He was ill for quite a long time in the last couple of years. It was heart-breaking to see him lose, first his ramrod-straight physical presence, and then his razor-sharp mind. The last holiday we went on together was to Ibiza where he and mum had been going since I was six. We were there with our two little girls and it was a special but very sad holiday. Dad's favourite place on earth was a tiny cove next to a much larger and more popular beach on the island. He loved this little cove which deterred all but the fittest as the route down to it from the cliff required the sure-footedness of a mountain goat. We drove the car as near to the cliff edge as was possible so that he would have the shortest walk. He struggled out of the car and wanted so, so much to clamber down the slope to the hot sand and the glinting blue of the Mediterranean. He stood and looked and then shook his head. He knew, and we knew, without words that he would never make it.

I hadn't thought about this for a long time, but now, I wonder how will I be when I have my moment on the cliffs which must come to everyone who makes it into old age? Will I be able to regather myself and find things that will make the continuation of the journey worthwhile? I don't know but I suppose we can only hope.

Tuesday, 7 June 2011

Lionesses for our Children

This week I was touched by the kindness of a stranger. Someone I didn't know who was on the outermost reaches of my cyber network (you know, the people who you only 'sort of know' on the business internet networking sites) very kindly helped number 1 daughter.

Daughter number 1 lives in London and is an actress ( yes, I think you know that but just in case ...) and is up for an award which, unlike other awards that she has been on the very long, long (as opposed to short) list for, this is an audience vote. So I emailed the stranger and asked him if he would contact his network of Yorkshire business folk to vote for her - because his network promotes all things good from God's own county. I wrote and told him that my excuse for being so brazen as to ask was because we are all lions/lionesses for our children. I can't claim that line as my own, incidentally, as it was once said to me by number 1 daughter's speech therapist who I hope is now very proud of her pupil.

I told him how I had been the mother at the school gates, wishing that my child was like everyone else's - because she wasn't. I think before you have children, you think that your child should be wonderful and extraordinary and the envy of everyone else. The reality is that what you really want is one who is just like everyone else. Daughter number 1 is wonderful and extraordinary and she is also deaf. I can still remember the moment we were told. I can remember refusing to believe that this could happen, that somehow it would be a mistake, a case of late development, a clerical error, anything. It took us a long time to adjust and we made a whole host of decisions about her future, and most especially her education, based on no knowledge at all.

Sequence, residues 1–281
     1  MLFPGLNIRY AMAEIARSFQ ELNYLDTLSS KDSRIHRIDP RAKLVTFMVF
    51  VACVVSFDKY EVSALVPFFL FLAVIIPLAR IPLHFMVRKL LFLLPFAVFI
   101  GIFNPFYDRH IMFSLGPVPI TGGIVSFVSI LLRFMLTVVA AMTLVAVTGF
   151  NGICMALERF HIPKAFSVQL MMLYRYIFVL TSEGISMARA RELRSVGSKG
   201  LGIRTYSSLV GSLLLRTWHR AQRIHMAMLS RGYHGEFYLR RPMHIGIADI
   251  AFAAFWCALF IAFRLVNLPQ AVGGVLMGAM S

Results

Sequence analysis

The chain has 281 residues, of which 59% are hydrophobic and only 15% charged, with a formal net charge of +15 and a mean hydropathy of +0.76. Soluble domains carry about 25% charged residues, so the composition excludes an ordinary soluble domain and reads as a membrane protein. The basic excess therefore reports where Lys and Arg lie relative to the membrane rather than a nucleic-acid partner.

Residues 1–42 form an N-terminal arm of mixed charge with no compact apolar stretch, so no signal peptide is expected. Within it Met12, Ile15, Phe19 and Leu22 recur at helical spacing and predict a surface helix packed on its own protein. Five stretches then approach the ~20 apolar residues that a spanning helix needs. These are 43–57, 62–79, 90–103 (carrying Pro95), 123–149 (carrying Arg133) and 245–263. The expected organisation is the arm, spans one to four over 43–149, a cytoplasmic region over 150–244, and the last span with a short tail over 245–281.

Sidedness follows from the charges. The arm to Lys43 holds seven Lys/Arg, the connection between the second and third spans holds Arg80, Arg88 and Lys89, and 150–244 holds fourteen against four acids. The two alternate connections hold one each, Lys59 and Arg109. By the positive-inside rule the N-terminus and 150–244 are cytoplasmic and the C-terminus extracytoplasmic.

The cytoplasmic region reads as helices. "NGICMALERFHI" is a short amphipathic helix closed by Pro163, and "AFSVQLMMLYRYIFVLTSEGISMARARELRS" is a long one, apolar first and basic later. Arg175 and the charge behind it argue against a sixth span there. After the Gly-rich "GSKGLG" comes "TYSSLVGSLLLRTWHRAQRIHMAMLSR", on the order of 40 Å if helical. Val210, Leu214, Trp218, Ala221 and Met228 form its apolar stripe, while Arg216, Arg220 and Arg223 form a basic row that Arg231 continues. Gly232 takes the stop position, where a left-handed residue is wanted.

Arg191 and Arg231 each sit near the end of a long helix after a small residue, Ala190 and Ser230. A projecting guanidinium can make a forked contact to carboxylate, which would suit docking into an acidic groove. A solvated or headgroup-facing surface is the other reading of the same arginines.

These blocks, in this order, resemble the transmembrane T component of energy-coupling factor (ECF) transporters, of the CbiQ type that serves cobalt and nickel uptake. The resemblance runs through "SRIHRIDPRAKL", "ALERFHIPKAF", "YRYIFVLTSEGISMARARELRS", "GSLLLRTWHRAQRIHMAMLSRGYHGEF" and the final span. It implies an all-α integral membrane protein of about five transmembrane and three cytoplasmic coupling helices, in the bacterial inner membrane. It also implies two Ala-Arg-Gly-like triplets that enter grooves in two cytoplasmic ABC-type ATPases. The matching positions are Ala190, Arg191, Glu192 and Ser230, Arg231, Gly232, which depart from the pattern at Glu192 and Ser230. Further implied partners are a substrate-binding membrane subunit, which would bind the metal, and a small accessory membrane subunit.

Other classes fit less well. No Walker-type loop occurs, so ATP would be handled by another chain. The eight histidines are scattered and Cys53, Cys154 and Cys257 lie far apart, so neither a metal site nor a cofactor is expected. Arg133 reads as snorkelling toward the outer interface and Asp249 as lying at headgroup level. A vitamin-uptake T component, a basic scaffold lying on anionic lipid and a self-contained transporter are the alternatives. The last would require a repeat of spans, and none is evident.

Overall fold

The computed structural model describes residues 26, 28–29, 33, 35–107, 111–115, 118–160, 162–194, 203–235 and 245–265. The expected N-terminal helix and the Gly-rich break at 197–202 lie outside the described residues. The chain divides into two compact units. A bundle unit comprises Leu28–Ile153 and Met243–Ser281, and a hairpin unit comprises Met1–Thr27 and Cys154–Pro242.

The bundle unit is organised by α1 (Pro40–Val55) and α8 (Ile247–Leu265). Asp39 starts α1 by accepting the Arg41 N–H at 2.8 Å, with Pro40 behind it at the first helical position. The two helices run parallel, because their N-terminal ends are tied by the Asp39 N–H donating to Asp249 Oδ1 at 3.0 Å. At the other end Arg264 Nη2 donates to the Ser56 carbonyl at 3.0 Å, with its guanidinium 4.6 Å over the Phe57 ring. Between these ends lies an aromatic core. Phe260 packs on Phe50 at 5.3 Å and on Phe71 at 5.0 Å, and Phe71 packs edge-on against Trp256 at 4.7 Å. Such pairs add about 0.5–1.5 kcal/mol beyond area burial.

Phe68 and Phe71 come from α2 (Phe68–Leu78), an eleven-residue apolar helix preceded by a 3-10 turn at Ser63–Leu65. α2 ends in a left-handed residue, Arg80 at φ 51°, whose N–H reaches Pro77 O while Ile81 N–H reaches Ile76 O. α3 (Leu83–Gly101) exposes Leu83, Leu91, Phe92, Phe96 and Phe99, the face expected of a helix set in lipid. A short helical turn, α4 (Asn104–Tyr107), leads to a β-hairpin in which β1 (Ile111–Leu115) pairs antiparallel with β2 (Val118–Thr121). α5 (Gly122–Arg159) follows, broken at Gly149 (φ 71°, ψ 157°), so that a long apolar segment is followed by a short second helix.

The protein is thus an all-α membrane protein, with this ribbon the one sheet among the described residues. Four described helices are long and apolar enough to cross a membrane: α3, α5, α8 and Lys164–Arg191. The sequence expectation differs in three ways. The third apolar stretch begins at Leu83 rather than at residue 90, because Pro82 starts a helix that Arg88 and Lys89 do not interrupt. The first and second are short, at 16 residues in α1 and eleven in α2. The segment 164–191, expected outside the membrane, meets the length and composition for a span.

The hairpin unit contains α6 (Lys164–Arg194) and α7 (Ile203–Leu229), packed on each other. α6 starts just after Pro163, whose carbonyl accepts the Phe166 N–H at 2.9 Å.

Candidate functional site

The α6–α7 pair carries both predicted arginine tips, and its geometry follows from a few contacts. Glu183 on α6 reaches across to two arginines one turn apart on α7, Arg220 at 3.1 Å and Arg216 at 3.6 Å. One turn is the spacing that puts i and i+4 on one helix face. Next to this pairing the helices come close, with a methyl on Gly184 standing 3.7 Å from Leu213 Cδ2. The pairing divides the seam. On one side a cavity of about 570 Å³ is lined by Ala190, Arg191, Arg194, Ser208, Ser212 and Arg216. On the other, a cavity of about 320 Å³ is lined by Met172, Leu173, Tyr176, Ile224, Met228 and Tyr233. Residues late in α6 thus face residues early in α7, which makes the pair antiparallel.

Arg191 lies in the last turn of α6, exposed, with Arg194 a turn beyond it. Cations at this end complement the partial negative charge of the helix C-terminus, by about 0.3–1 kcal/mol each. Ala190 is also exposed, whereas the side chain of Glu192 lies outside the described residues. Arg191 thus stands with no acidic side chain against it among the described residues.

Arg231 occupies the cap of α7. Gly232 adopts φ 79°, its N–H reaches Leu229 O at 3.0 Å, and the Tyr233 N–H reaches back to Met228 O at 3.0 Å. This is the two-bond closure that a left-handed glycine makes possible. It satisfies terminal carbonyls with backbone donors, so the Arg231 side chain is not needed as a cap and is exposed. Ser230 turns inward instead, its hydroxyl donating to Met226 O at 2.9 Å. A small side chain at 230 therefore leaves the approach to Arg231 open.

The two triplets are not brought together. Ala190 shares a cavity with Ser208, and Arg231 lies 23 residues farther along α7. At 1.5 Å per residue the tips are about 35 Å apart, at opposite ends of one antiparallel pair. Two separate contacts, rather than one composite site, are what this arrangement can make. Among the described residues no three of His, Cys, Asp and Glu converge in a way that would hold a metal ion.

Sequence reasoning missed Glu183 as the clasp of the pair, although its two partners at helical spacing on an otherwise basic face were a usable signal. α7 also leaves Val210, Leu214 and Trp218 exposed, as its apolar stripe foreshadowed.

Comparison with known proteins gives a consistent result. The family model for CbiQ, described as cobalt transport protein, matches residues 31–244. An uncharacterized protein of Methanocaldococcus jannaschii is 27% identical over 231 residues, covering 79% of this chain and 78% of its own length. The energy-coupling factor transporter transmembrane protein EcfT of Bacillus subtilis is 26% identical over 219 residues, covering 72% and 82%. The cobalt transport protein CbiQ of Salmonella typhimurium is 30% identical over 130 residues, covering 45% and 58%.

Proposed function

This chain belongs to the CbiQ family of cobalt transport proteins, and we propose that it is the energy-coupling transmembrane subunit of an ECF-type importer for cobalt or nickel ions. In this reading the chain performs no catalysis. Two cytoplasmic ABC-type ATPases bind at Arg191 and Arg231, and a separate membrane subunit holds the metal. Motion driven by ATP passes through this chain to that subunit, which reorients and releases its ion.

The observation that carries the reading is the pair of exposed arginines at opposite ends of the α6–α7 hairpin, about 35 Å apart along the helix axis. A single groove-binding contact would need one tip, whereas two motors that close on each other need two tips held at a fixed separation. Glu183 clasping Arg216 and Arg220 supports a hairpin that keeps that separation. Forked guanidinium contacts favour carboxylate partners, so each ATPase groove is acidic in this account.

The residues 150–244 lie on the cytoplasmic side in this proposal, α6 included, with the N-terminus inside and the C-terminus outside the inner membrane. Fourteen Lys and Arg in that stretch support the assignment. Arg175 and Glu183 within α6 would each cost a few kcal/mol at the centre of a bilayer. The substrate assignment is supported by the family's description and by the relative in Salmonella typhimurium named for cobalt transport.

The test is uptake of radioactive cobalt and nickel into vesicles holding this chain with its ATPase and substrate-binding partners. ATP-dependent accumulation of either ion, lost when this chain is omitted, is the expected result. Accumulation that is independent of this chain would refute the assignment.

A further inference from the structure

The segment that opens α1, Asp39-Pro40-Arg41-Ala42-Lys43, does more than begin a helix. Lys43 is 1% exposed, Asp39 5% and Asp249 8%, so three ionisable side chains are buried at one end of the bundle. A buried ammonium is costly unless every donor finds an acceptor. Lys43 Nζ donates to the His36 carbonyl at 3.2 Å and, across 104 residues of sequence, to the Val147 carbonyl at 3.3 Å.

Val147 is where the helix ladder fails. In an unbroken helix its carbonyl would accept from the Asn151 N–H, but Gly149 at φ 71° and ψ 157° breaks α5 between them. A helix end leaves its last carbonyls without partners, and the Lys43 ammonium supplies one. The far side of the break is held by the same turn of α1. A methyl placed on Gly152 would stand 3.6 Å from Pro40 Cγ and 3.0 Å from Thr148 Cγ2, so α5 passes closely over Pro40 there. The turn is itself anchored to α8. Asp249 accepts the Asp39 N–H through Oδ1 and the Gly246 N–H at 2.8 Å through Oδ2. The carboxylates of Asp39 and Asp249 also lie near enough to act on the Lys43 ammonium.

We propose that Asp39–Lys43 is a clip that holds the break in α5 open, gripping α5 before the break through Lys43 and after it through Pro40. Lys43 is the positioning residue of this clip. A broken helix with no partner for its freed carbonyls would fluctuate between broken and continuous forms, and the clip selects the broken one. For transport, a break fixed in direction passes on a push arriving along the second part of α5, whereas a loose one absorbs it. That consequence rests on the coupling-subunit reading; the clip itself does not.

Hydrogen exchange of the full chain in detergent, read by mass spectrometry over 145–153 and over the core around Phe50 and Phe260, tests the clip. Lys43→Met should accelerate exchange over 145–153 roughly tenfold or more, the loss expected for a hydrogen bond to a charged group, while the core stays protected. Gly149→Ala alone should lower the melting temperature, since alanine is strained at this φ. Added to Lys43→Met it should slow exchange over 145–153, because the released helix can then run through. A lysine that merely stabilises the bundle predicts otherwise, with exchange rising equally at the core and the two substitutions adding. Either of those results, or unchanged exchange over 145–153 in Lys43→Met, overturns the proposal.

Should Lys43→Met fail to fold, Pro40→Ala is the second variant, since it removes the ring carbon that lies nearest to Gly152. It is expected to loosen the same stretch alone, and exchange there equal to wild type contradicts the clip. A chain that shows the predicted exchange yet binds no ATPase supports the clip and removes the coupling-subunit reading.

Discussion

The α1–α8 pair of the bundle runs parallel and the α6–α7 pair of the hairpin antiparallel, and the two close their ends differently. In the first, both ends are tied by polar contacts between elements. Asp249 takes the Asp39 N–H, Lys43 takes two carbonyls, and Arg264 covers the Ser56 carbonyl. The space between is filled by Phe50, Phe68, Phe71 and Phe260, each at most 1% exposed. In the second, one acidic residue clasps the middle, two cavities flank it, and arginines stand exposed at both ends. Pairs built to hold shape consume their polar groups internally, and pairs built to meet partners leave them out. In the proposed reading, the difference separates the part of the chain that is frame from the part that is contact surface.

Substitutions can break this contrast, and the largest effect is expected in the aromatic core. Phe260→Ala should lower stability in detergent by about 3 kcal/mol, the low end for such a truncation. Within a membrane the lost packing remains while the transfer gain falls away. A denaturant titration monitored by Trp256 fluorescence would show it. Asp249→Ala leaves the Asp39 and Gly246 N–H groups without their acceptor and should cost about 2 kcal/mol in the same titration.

One day I took her to a group of deaf children and their parents at York Hospital. It was terrible. I looked at all the other children and all I could think was that we shouldn't be there because we weren't like them. We refused the advice of well-meaning social workers who suggested she should go to a school for the deaf, that we should learn to sign, we should accept that she would never talk. We blindly battled on with no idea how big our task was, how tough life would be for her.

Every hurdle we conquered was immediately followed by another... and another. A kind friend, no longer with us, said that he thought we had succeeded when she was sixteen and doing all the things that other sixteen year olds do. He had no concept of the trials we still faced - imagine learning to drive when you have to look at the instructor when he speaks in order to lipread, rather than looking at the road. She used to say that when boys would try to whisper romantically in her ear, she would tell them exasperatedly that she had to see them to hear. She struggled through hearing in lessons (when she was little, the teacher wore a microphone linked to her hearing aids but they often forgot to leave the microphone with her at the end of the lesson, providing  my daughter with a handy information stream from the staffroom). Chalk and talk was a nightmare - how can you read a teacher's lips when they have their back to the class? And so it went on.

Perhaps being a lioness for her has helped to make her a lion. She has conquered and excelled at every challenge that she and life have set for her. I think she must have forgotten that I once said that she could do anything except be a racing commentator - I thought she wouldn't get the words out fast enough. If she knew, she'd probably give that a try too. She has not let anything stop her. She is, at best and worst, absolutely terrifying.

I hope with all my heart that she succeeds in her acting career - not just because I am her mother and lioness extraordinaire - but because no one should ever be limited by the prejudices and the expectations of others.